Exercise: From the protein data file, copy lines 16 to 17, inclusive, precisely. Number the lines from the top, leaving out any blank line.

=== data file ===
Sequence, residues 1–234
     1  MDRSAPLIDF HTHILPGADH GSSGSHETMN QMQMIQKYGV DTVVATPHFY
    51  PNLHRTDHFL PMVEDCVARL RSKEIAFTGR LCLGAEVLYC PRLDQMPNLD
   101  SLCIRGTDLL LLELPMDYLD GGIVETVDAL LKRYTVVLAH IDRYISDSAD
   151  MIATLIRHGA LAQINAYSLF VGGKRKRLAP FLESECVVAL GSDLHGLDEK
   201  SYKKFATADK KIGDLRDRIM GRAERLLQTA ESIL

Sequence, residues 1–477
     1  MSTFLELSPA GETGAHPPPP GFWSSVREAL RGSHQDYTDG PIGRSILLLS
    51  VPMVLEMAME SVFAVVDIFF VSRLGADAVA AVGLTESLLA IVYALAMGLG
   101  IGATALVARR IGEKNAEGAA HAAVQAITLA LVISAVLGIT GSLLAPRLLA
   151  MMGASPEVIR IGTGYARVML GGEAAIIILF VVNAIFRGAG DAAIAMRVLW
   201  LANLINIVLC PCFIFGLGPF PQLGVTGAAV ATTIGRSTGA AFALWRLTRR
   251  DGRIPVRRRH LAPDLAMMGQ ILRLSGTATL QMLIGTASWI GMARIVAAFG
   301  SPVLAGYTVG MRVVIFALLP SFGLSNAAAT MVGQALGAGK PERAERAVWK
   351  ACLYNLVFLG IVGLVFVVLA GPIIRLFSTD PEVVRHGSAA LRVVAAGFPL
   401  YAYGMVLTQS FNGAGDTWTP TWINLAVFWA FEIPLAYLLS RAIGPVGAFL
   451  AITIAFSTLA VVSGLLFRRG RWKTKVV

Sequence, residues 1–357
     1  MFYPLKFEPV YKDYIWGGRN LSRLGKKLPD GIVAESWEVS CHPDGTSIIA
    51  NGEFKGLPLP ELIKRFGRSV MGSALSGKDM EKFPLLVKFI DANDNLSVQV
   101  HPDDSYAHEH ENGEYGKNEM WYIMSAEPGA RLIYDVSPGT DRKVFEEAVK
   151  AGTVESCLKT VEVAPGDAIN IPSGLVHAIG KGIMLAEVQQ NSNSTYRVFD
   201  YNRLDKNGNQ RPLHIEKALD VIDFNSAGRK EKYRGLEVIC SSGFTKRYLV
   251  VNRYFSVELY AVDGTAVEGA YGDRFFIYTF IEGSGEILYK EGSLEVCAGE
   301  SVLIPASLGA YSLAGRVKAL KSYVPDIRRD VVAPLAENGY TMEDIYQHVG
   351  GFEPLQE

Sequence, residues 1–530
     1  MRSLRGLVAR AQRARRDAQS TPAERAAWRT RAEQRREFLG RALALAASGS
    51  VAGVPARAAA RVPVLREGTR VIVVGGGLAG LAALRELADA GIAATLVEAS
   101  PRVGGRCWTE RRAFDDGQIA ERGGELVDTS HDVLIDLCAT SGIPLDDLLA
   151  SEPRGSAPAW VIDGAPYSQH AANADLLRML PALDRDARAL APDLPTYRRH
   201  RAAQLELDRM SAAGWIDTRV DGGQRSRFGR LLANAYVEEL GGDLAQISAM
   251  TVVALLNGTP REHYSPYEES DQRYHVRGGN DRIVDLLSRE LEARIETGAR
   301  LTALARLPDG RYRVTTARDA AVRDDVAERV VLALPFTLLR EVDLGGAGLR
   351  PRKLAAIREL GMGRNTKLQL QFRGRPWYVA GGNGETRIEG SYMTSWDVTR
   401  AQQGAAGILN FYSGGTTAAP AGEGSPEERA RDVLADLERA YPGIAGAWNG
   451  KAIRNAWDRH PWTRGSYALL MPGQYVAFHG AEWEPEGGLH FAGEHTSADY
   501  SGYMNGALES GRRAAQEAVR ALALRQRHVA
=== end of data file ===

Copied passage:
   401  YAYGMVLTQS FNGAGDTWTP TWINLAVFWA FEIPLAYLLS RAIGPVGAFL
   451  AITIAFSTLA VVSGLLFRRG RWKTKVV